"I Like to Live With Hermits" -- a poem by Nicholas Samaras

This contemporary poem by Nicholas Samaras gathers ancient and modern connotations of eremitism to present the poet's (and reader's) desire to emulate the virutes of the classic hermit. There are allusions to Christianity, but the sentiment is universal, reminiscent of (for example) Jack Kerouac's first visit to T. D. Suzuki in New York to meet the great expositor of Zen Buddhism. In a burst of awe and enthusiasm as he departed, Kerouac exclaimed to Suzuki, "I would like to spend the rest of my life with you!" and Suzuki replied after a moment, "Sometime."

The poem is here reprinted with permission of the author. "I Like to Live with Hermits" was first published in Ploughshares, Winter 2011-12, vol. 37, issue 4, p. 107. All rights reserved to the author.

I Like to Live With Hermits

Let me practice silence with you.

You have an extra room in your hut
and a wooden balcony overlooking a ravine of moonlight.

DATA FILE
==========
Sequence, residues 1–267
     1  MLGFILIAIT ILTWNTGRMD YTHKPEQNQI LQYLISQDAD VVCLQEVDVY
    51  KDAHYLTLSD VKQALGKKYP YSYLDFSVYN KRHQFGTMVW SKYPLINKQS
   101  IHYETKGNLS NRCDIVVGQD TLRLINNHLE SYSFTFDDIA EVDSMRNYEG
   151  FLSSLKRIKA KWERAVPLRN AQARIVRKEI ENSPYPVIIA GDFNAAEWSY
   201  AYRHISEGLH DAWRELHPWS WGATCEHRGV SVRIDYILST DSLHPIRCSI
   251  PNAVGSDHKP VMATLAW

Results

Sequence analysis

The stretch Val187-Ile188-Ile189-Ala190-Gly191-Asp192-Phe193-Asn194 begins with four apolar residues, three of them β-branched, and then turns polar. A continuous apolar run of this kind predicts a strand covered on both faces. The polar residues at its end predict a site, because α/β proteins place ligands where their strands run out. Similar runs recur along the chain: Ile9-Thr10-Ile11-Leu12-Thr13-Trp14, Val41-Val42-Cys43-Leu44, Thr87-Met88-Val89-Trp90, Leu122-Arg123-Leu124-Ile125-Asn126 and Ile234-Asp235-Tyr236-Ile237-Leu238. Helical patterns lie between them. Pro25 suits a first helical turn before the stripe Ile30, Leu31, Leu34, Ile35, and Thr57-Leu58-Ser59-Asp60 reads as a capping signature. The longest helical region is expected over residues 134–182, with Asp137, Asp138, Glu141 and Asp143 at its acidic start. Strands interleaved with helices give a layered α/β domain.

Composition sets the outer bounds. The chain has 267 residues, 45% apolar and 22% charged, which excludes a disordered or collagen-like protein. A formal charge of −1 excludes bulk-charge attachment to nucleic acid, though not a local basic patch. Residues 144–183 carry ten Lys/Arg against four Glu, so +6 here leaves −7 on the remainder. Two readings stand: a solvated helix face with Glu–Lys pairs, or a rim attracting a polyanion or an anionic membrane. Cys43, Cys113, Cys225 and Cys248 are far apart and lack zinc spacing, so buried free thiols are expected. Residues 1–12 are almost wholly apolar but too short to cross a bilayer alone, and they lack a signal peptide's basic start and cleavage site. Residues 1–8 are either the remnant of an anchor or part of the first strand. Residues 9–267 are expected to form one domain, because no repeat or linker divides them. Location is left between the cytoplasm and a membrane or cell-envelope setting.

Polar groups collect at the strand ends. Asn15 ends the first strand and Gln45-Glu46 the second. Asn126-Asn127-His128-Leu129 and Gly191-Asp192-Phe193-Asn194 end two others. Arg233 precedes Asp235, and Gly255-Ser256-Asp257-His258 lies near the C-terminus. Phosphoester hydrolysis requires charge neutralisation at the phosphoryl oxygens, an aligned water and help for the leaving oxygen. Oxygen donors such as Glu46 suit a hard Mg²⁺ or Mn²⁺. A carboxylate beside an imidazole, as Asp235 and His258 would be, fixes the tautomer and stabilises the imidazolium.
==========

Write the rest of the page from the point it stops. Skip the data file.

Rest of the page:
I can sleep in this bare corner, on the floor-planks
with a blanket and a stone for a pillow.

We can work on our separate projects in each other’s shadow.

Let us develop telepathy, and I will hand you pepper for your soup
without looking up.

We could chant together only in Vespers, and separate
afterward into the gloom.

Let me sit on this rickety balcony, while silver rain falls, the blue air
gone wispy with another century.

Let me live in this corner and you won’t notice me.

Let me be the ghost with eyes, tonsured with the wordless.

Let me practice stillness with you.

Neither of us here.